Scientists at The School for Mental Health and Neuroscience at Maastricht University, the Netherlands, have been performing parallel studies in mice and men to investigate the role of epigenetic mechanisms in ageing and AD.
"We have shown that ageing in mice is associated with a variety of epigenetic changes in the brain," explained Dr van den Hove, who led the research. "Our data suggest that, from an epigenetic point of view, AD does not simply represent an accelerated form of ageing, which puts existing knowledge in a completely new perspective," he added.
In mice, the researchers found that ageing was associated with an increase in hippocampal DNA methyltransferase 3a, a novel DNA methyltransferase that was shown to play a role in cell proliferation and differentiation. Age-related increases of 5-methylcytosine (5-mC) and 5-hydroxymethylcytosine (5-hmC), markers of global DNA methylation and hydroxymethylation respectively, were also identified.
Histone deacetylase 2 (HDAC2), which forms a part of methyl-CpG-binding complexes and is crucially involved in memory formation and neurodegeneration-related cognitive impairment, was also shown to increase with age.
"Interestingly, caloric restriction, which has been suggested as an effective strategy to prevent or attenuate age-related processes in the brain, could prevent these epigenetic changes in ageing mice," noted Dr van den Hove.
The team also collaborated in a series of studies performed in human post-mortem brain tissue. Working with Professor Coleman and Dr Diego Mastroeni at the Banner Sun Health Research Institute (Sun City, AZ, US), the researchers found that AD pathology in humans was associated with different methylation and hydroxymethylation patterns in the hippocampus compared with those seen in normal ageing.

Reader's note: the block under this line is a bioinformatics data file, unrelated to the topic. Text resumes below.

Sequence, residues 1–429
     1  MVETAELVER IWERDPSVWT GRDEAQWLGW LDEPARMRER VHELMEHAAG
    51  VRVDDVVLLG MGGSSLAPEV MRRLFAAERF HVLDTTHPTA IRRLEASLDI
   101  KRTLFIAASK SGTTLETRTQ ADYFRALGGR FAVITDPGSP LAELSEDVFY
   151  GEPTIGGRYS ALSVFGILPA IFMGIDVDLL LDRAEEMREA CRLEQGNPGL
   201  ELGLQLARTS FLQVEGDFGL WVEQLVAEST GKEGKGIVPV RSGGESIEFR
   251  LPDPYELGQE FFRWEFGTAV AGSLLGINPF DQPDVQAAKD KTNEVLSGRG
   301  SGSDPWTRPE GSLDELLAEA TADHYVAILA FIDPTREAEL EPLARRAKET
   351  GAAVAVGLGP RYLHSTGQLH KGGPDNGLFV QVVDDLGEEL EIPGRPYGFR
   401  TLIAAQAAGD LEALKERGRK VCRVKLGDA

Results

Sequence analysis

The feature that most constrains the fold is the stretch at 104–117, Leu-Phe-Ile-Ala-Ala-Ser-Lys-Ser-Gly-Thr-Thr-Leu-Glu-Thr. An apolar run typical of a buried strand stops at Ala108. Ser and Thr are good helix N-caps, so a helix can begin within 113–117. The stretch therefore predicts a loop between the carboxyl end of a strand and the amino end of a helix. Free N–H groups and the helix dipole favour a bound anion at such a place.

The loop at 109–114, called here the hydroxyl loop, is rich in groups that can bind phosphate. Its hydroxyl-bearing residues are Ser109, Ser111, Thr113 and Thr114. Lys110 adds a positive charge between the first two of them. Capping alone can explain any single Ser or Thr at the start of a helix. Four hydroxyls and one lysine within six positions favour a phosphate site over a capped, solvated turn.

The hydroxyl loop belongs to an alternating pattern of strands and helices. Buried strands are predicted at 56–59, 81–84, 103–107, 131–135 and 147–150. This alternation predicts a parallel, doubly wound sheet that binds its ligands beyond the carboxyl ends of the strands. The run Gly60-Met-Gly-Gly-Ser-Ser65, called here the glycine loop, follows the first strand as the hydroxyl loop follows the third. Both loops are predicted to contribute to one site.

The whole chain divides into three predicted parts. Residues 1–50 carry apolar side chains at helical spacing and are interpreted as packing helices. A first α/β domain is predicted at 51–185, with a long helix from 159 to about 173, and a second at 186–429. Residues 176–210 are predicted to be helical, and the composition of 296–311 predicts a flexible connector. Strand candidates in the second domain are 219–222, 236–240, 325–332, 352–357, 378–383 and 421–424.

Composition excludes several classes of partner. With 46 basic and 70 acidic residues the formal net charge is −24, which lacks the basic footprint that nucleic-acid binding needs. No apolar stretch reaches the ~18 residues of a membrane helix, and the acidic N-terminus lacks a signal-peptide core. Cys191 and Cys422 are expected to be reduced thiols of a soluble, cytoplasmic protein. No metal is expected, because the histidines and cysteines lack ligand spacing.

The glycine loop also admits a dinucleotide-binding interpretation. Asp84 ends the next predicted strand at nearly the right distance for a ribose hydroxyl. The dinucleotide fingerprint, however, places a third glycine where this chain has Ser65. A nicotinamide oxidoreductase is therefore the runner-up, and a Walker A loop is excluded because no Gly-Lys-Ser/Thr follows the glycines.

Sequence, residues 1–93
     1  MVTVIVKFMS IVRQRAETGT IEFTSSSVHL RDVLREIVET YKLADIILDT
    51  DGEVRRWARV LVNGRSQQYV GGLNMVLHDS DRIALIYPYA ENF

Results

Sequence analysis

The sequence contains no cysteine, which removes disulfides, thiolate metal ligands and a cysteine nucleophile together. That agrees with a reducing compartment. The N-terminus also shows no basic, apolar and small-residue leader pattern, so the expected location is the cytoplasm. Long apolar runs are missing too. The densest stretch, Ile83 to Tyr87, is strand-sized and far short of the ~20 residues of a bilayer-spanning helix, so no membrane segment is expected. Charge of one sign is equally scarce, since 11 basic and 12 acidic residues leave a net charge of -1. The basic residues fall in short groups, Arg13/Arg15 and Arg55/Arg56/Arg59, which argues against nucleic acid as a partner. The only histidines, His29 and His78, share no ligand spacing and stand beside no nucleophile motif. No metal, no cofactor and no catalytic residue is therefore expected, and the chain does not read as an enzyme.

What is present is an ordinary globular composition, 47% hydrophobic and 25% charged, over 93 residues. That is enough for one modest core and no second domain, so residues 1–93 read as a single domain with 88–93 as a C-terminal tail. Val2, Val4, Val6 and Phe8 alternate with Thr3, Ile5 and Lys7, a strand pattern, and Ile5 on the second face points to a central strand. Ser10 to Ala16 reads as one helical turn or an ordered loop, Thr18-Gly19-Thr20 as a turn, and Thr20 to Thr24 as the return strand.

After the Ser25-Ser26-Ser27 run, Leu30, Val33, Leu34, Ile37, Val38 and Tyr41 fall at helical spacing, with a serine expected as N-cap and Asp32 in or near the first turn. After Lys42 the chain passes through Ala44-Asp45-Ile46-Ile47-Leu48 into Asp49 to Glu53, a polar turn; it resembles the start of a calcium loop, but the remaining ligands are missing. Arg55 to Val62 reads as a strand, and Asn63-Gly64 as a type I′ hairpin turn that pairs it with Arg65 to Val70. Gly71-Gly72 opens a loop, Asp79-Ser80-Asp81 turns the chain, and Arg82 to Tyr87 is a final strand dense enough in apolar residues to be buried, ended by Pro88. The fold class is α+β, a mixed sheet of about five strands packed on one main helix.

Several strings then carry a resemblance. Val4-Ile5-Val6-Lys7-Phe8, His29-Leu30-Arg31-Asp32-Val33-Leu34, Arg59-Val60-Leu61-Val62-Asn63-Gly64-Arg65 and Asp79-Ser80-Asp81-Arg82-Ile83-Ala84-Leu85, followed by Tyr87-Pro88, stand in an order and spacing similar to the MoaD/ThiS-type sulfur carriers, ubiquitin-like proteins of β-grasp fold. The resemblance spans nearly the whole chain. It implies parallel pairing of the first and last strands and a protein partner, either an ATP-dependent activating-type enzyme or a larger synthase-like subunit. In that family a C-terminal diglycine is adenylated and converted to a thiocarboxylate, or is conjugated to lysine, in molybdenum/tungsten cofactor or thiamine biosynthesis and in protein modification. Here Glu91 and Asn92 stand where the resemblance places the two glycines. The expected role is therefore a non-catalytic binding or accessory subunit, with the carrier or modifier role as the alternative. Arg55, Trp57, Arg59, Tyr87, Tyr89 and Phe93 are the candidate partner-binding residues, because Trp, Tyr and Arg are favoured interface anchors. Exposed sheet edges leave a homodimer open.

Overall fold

"We have found robust decrements of 5-mC and 5-hmC in the hippocampus of AD patients when compared to carefully-matched controls. Interestingly, this decrease correlated with hippocampal amyloid plaque load," explained Dr van den Hove. Investigating whether these changes were linked with aberrant amyloid processing, the team looked at the same markers in the hippocampus of a mouse model of AD. They found that global methylation and hydroxymethylation increased with ageing in normal mice, while the onset of AD pathology in the AD mice corresponded with an age-related dis-balance of the DNA methylation and hydroxymethylation markers. Furthermore, they observed negative correlations between global DNA methylation levels and amyloid plaque load.
"Because epigenetic processes are known to be dynamic and reversible, future treatment strategies directly targeting epigenetic regulation may provide powerful means for pharmacological and/or behavioural intervention strategies in neurodegenerative disorders like AD," speculated Dr van den Hove. Nevertheless, specificity and safety issues warrant further research before epigenetics-based therapies for AD could be clinically applicable.
And the findings may also lead to novel diagnostic tests for AD. "The fact that the degree of between-individual variation in DNA methylation profiles is partially correlated across the brain and blood offers the possibility that diagnostic predictors of AD risk will be discovered in peripheral tissues."